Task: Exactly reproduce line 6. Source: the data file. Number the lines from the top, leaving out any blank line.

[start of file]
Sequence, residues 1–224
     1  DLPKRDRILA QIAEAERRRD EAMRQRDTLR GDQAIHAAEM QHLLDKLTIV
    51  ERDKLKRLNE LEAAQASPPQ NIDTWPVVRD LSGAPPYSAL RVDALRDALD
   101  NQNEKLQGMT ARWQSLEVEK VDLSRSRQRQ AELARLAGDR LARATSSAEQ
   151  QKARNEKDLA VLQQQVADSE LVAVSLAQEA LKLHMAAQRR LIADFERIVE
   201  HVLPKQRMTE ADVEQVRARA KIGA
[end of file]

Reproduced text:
   201  HVLPKQRMTE ADVEQVRARA KIGA